Nepalis go to the polls on Sunday for the second legislative election in the young Himalayan republic’s history, where young people hope to oust an older generation in power for decades, although they have little chance of winning.
The election aims to renew 275 seats in the House of Representatives. The country’s two main political forces, the Nepali Congress (Centre) led by incumbent Prime Minister Sher Bahadur Duba and the Communist Party of Nepal (CPN-UML) are facing competition this time as several independent candidates are contesting in disappointing fashion. Against the caciques who had monopolized power for decades.
A waltz of prime ministers, most of whom have been in office for less than a year, and a culture of clientelistic politics fuel distrust among Nepalis, many of whom believe their leaders are out of touch with reality.
While analysts expect the political establishment to regain dominance in the next assembly, the drive for change is clear.
“People say, ‘We are cheated, there is discrimination, we have to pay bribes, we don’t have clean water, we don’t have jobs,'” said AFP Rabbi Lamichane, 48. A wave of new independent candidates.
This popular and charismatic TV host knows how to bring a crowd together. Thanks to scathing political interviews and hidden camera reports, many leaders have been caught in the act of bribing routine public services.
These broadcasts resonated with Nepali people who were appalled by rampant corruption and corruption of all kinds.
– the fifth time –
“Young voters are now the dominant force. Before, it was the parents or grandparents who decided who the family was going to vote for. Now it’s the children,” political analyst AFP said. Hari Sharma said.
“Established political parties and their leaders are unable to speak the language of these young voters,” he adds. “These voters think their leaders have failed.”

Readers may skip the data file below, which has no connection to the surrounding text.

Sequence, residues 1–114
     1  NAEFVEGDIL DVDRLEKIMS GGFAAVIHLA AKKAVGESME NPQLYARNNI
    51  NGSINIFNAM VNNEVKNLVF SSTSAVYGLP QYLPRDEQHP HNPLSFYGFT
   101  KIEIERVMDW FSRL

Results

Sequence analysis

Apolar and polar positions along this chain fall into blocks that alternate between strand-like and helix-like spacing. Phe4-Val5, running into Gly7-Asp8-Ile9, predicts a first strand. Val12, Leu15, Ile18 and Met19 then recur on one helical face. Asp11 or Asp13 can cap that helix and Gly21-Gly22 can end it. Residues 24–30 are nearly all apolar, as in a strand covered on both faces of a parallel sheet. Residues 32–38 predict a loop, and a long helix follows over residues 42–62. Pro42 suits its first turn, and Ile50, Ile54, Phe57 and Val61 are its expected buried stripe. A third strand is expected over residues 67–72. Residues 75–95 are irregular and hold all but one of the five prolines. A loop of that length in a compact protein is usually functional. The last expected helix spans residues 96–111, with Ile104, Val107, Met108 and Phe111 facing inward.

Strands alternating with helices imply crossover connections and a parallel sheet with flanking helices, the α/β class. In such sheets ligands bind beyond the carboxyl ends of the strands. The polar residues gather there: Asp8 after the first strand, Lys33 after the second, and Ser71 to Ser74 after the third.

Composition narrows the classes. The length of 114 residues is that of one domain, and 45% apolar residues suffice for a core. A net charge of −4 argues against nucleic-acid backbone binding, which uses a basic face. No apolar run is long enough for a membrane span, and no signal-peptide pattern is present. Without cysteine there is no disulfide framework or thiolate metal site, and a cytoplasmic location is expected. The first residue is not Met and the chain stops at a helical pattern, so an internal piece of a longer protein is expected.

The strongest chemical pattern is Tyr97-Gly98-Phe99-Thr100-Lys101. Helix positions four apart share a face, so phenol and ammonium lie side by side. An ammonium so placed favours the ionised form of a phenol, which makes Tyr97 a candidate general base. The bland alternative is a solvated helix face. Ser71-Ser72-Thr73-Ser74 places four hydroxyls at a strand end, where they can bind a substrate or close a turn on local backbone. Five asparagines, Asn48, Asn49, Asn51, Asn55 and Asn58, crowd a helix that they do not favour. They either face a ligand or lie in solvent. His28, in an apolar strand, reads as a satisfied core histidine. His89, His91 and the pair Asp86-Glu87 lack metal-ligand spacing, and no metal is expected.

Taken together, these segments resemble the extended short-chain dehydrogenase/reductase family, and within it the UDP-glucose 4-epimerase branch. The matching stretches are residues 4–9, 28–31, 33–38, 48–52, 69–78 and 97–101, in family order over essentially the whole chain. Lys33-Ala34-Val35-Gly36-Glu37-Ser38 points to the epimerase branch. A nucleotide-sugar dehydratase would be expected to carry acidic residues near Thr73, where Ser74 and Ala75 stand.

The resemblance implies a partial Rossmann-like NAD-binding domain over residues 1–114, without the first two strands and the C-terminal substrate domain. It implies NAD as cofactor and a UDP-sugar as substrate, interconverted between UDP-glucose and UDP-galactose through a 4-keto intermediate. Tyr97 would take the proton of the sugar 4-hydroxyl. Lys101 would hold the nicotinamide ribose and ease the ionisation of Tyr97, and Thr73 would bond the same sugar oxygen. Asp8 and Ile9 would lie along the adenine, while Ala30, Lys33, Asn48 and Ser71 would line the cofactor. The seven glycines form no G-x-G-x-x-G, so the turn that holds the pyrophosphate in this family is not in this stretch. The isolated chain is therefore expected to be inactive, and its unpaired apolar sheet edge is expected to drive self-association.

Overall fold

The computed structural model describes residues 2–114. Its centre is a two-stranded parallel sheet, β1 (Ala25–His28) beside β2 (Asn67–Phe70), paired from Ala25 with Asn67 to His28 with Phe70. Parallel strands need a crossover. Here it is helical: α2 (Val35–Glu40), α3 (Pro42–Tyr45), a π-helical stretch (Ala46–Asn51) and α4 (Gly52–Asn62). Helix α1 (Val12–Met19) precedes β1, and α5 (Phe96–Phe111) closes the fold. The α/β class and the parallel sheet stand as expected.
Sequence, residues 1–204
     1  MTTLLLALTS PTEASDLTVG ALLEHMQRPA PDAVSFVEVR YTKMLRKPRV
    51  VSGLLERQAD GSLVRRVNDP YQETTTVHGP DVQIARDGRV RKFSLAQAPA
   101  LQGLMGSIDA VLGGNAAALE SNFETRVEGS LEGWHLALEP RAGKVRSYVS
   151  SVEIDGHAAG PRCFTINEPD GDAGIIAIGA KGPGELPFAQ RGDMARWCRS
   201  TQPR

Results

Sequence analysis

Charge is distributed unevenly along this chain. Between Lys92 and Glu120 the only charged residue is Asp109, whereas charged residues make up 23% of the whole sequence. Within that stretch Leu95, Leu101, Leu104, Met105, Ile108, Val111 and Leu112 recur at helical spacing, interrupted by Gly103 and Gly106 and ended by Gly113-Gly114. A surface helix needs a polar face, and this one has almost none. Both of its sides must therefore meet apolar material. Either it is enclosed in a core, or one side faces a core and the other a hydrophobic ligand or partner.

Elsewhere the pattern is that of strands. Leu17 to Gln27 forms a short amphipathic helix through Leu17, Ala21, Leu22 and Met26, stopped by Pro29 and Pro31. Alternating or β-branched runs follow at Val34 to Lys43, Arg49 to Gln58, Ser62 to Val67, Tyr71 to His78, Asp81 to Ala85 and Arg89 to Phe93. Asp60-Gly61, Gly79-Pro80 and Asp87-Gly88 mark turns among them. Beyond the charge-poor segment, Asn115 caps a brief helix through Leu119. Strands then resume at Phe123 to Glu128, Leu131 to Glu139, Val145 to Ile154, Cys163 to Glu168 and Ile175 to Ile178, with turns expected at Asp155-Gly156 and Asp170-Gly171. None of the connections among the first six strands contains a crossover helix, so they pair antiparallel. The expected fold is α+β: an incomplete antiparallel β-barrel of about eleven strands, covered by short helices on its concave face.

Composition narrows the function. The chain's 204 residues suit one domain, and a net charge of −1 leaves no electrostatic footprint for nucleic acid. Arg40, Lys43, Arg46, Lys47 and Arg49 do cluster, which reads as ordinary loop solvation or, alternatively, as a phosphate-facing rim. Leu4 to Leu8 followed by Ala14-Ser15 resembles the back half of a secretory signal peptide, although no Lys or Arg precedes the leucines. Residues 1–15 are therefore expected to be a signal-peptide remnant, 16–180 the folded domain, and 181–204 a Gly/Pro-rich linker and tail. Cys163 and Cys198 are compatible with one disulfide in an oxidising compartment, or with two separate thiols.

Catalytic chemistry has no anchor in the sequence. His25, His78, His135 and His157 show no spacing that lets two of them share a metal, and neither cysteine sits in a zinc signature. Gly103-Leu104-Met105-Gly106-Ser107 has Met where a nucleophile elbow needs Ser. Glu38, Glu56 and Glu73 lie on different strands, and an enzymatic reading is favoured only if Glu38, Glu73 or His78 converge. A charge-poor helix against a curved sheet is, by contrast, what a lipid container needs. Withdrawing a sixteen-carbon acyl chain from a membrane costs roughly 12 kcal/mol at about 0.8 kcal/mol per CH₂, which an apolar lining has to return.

This older generation in power experienced a civil war that ended in 2006 after ten years with more than 17,000 deaths. A peace accord signed at the end of the conflict led to the abolition of the monarchy in 2008 and transformed the former Maoist guerrillas into a dominant political force.
Since the end of the conflict, power has fluctuated between former guerrillas and pre-war political elites. Sunday’s assembly elections are the second since a new constitution was adopted in 2015, after a decade of political turmoil.
Nepal’s parliament continues to be plagued by instability: no prime minister has ever been able to complete a term. The current president, Sher Bahadur Duba, 76, is in office for the fifth term.
Public discontent is growing as remittances from many Nepalis working in Nepal dry up as the economy struggles as the coronavirus pandemic hits the country’s main tourism sector.
Inflation is rising and the government has banned the import of many goods, particularly alcohol and television sets, in order to protect its dwindling foreign exchange reserves.
But analysts say the nature of Nepal’s parliamentary system is likely to bring established parties back to power.
Nepal’s next prime minister will have to balance the traditional rivalry for influence between its Indian and Chinese neighbors and deal with Chinese criticism of US-funded projects in the country.
“It is unlikely that a single party will get a majority,” predicted AFP Gunaraj Luidell, editor-in-chief of Nagarik newspaper. “It will be the same power games again and the same coalition governments.”
Nepal’s isolated Himalayan communities make each national vote a logistical feat, and election commission officials say it will take “four to five days” to know the result.
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